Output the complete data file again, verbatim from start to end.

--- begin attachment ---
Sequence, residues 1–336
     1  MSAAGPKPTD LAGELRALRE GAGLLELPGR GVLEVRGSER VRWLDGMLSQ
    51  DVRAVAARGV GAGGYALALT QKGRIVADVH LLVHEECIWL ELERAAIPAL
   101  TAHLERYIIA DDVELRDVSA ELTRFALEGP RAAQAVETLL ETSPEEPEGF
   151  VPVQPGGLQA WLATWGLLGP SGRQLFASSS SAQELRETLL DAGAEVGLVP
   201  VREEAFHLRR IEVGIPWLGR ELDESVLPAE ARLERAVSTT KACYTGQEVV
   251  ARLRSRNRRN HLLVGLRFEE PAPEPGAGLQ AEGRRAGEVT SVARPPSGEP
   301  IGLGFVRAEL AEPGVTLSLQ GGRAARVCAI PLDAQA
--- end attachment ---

Sequence, residues 1–336
     1  MSAAGPKPTD LAGELRALRE GAGLLELPGR GVLEVRGSER VRWLDGMLSQ
    51  DVRAVAARGV GAGGYALALT QKGRIVADVH LLVHEECIWL ELERAAIPAL
   101  TAHLERYIIA DDVELRDVSA ELTRFALEGP RAAQAVETLL ETSPEEPEGF
   151  VPVQPGGLQA WLATWGLLGP SGRQLFASSS SAQELRETLL DAGAEVGLVP
   201  VREEAFHLRR IEVGIPWLGR ELDESVLPAE ARLERAVSTT KACYTGQEVV
   251  ARLRSRNRRN HLLVGLRFEE PAPEPGAGLQ AEGRRAGEVT SVARPPSGEP
   301  IGLGFVRAEL AEPGVTLSLQ GGRAARVCAI PLDAQA